Analyze the narrator's assault on "the wall" as European liberalism, materialism, and utopianism, rationalism and progress by giving quotations.

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Ashley Kannan | Middle School Teacher | (Level 3) Distinguished Educator

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For the Underground Man, the construction of European liberalism, materialism, utopianism, rationalism, and progress are rooted in the same flaw. They seek to achieve a particular type of totality and perfectibility within human consciousness.   

In his discussion of "the wall," The Underground Man strikes a position against progressive thought intrinsic to Western thought.  It contains much of his disdain towards Western thought:

What stone wall? Why, of course, the laws of nature, the deductions of natural science, mathematics. As soon as they prove to you, for instance, that you are descended from a monkey, then it is no use scowling, accept it for a fact. […] then you have just to accept it, there is no help for it, for twice two is a law of mathematics. Just try refuting it.

The natural laws to which rationalism and "progress" appeal are part of this critique.  The wall cannot be overcome.  No amount of human expression can ever transcend it. The ever- present nature of the wall precludes any chance of "refuting it."  The wall embodies the Western system of totality that seeks to advance perfection.  It is akin to the "Crystal Palace" where human suffering is impossible because human achievement had reached its supposed advancement.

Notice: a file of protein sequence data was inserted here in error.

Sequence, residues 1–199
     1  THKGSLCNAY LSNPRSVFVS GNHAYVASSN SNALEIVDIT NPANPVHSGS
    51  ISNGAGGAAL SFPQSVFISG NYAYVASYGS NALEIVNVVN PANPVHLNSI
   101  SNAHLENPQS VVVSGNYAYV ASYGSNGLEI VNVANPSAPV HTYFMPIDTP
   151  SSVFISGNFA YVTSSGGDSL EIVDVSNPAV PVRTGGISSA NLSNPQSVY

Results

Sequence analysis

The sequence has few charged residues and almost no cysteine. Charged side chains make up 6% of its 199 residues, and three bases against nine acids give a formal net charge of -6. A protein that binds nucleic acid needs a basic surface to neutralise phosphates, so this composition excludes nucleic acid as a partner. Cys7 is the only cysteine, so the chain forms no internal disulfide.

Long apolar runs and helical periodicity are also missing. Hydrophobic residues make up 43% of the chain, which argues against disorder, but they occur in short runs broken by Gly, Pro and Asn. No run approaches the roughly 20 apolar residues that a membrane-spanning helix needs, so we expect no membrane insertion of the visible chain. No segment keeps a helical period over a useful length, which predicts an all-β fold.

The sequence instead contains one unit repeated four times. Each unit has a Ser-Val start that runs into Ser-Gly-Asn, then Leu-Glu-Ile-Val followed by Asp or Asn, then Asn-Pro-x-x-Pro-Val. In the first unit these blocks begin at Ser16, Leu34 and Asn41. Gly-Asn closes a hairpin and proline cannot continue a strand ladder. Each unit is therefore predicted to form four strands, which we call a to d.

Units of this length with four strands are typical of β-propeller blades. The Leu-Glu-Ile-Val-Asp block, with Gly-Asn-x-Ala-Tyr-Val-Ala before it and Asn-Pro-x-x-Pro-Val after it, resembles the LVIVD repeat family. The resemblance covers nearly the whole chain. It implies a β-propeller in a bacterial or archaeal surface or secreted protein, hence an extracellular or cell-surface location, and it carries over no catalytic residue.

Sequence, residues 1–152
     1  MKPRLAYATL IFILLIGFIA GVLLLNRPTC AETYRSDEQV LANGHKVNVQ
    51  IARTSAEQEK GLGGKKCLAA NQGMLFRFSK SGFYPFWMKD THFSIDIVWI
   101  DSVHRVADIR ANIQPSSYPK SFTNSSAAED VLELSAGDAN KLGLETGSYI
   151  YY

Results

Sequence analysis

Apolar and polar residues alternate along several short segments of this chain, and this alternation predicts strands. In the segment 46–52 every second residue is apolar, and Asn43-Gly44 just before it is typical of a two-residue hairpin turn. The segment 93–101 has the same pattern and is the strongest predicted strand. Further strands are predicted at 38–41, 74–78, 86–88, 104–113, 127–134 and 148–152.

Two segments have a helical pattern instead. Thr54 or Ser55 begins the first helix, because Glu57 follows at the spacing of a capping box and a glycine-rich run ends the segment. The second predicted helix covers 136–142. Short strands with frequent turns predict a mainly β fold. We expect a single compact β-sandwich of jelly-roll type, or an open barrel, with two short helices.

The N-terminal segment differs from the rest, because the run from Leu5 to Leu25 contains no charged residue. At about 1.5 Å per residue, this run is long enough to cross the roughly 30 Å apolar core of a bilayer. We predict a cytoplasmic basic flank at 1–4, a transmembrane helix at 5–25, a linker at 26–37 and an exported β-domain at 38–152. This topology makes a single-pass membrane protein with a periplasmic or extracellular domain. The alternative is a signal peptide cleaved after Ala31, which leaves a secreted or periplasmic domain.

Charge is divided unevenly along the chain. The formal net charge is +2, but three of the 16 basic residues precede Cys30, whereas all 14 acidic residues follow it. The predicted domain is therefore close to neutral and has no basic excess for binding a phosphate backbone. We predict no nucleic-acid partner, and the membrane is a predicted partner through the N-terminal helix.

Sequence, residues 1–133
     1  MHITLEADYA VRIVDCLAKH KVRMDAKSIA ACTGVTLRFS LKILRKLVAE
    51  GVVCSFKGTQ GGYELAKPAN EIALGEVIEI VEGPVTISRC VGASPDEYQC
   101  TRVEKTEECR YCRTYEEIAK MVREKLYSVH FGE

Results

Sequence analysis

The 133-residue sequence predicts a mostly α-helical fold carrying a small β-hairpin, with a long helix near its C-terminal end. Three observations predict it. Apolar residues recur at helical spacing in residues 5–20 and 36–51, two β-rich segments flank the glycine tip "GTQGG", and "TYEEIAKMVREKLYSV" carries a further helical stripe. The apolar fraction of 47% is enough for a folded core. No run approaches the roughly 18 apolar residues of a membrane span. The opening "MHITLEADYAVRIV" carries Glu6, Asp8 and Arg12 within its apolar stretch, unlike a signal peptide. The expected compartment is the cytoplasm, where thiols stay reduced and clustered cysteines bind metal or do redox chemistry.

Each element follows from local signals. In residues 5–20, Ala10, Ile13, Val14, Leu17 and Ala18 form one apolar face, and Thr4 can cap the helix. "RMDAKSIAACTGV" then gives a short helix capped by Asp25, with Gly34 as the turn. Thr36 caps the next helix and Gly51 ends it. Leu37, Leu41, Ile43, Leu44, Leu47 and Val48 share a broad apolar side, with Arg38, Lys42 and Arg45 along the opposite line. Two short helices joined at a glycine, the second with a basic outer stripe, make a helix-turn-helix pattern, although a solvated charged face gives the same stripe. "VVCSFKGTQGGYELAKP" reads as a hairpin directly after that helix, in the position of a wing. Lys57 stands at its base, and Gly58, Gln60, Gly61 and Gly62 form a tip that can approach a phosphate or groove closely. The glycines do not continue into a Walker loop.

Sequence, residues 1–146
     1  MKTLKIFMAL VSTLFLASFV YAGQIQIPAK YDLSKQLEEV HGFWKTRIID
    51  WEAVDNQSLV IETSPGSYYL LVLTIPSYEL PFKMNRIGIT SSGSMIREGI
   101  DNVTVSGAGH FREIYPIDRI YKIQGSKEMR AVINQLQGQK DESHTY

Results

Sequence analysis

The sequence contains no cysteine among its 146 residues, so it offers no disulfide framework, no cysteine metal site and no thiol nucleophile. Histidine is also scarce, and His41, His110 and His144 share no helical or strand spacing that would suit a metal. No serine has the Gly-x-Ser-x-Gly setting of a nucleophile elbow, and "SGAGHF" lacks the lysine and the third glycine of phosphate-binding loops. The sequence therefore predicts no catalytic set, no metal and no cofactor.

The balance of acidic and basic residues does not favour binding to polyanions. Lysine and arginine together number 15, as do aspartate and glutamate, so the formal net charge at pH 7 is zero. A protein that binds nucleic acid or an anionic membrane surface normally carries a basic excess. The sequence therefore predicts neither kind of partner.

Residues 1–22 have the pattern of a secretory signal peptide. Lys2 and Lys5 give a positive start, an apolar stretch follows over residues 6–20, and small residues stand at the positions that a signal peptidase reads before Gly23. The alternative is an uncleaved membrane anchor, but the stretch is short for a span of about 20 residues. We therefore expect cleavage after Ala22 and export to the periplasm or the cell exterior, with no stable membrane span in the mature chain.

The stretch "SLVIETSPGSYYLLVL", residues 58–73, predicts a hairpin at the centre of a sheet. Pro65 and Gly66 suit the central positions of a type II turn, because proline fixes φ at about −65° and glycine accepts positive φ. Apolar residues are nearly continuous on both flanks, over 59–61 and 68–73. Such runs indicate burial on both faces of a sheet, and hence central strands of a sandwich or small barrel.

The Underground Man sees negation in the structures like the Crystal Palace and "the wall."  They both negate human experience for they enhance the perfectibility of human beings.  Due to this, the Underground Man clings to his pain. It is for this reason that human pain is the only real expression of his humanity in a world where rationalism and "progress" define all consciousness. The wall negates human experience. One cannot "protest" as "it is no use" to seek to activate human imperfection in the face of such totality. 

The Underground Man rejects externally imposed totality. The constructions of liberalism, materialism, and utopianism are all elements in which results and external constructions of "success" define being.  Here again, the Underground Man condemns "the wall" as the embodiment of that which is negating:

Merciful Heavens! but what do I care for the laws of nature and arithmetic, when, for some reason I dislike those laws and the fact that twice two makes four? Of course I cannot break through the wall by battering my head against it if I really have not the strength to knock it down, but I am not going to be reconciled to it simply because it is a stone wall and I have not the strength.

Western intellectual development in liberalism, materialism and utopianism all emphasize an end product where human happiness is evident.  These products are seen in the realization of participatory democracy, wealth accumulation, or perfection in society.  Yet, the Underground Man suggests that the true exercise of freedom is devoid of products.  

The desire to "break through the wall" is denied by these constructs because it will result in nothing substantive.  The Underground Man repudiates this, suggesting that freedom should not be reduced to product based calculation. For the Underground Man, this critique of Western constructions lies in the validation of human experience.   The totality of Western thought, one that seeks to create perfectible realms, is what the Underground Man repudiates. The Underground Man asserts that perfection, the wall, a Western construction, is impossible. To embrace this position lies antithetical to Western ideas and forms the basis for his assault on "the wall."

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